It is interesting how Rand weakness seems to negatively affect our collective psyche and overall sentiment, notwithstanding that most South Africans probably don’t understand the full implications of currency weakness.   Maybe it’s our fears of becoming a banana republic like our northern neighbour, which keeps us up at night.

Currency weakness acts like a pressure release valve bringing the economy back into balance.   As the rand weakens our exports become cheaper stimulating demand whilst dampening the appeal of foreign goods, which then become more expensive.   This shrinks the current account deficit and should ultimately help with the budget deficit as local economic growth picks-up benefiting from the currency weakness.

Of course, as consumers we feel it at the fuel pumps and elsewhere; currency weakness drives up the fuel price, which then feeds through to the rest of the economy pushing up inflation and eroding our disposable income.   Not to mention the risk of the Reserve bank increasing interest rates to counter inflationary pressures taking what’s left of our precious disposable income.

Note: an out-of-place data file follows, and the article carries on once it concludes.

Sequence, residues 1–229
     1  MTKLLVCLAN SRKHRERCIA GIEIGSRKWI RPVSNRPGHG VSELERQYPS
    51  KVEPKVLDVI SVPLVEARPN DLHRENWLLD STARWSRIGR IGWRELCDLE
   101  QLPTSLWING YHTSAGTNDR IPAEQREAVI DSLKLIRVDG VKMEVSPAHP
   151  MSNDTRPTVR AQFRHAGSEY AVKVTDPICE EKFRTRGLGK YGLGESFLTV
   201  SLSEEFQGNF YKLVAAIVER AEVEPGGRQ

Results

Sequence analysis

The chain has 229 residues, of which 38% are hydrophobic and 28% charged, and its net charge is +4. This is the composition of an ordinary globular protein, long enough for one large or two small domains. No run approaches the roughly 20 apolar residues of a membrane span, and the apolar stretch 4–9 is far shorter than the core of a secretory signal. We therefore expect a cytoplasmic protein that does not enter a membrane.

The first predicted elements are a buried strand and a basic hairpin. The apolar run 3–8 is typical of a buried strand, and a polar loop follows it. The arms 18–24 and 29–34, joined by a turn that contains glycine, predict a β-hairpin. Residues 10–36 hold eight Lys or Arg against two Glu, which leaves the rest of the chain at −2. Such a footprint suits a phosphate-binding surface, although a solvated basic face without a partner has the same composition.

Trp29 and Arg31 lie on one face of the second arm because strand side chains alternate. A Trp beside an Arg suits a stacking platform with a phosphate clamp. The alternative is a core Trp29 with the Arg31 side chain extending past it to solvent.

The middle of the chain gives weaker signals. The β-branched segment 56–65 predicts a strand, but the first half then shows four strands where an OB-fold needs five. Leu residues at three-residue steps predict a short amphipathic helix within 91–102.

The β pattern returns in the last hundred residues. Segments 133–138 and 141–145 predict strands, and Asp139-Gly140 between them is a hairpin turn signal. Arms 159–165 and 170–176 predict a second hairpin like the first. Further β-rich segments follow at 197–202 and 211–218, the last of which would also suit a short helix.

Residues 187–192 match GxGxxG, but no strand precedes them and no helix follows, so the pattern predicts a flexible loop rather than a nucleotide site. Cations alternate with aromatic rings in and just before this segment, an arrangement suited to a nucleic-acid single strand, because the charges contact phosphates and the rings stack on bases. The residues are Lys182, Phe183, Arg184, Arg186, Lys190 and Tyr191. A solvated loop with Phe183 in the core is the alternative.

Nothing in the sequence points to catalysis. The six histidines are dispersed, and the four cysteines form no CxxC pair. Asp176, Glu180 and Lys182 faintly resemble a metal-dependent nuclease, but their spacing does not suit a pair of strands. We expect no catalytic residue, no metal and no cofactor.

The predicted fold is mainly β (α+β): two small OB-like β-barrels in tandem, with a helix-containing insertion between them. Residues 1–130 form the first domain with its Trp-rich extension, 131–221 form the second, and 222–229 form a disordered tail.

For investor’s the currency effect is enormous with more than 60% of JSE earnings derived from offshore.  A weaker currency translates into higher SA earnings, but vice versa, rand strength means lower earnings for the JSE overall index.  Ironically the biggest threat for investors is rand strength and not rand weakness.  Much of the current negative earnings growth for the JSE, which is down -18.8% for the 12month rolling period ending Oct, is a function of the rands strength year to date (y-t-d).

Any direct offshore investment exposure, prudent for a well-diversified portfolio, has seen y-t-d returns in rands reduced by 14.8% for Dollar investments, 13.6% for Euro and a whopping 36.8% for Sterling denominated investments.     Multi-asset class funds, which typically have 25% exposure to foreign investments have had to deal with this currency headwind effectively wiping-out any hard currency gains when translated back into rands.

It’s a case of careful what you wish for.  The obvious beneficiaries of the y-t-d rand recovery is anyone who is planning an overseas trip, but as far as the economy and investments are concerned a rand below R 14 is not good.  The recent rand strength can be ascribed to a recovery in commodity prices and renewed investor interest in emerging markets and of course the political stalemate between Zuma and the rest of SA, which has restored some confidence of late.

Investors must look through the lower returns for the year and stick with tried tested strategies for generating long-term real growth, which is simply, enough in equities and enough offshore.


Mark Williams
Mcomm, CFP®, HdipTax
T. 021-851 3746






Foreign investment headwind
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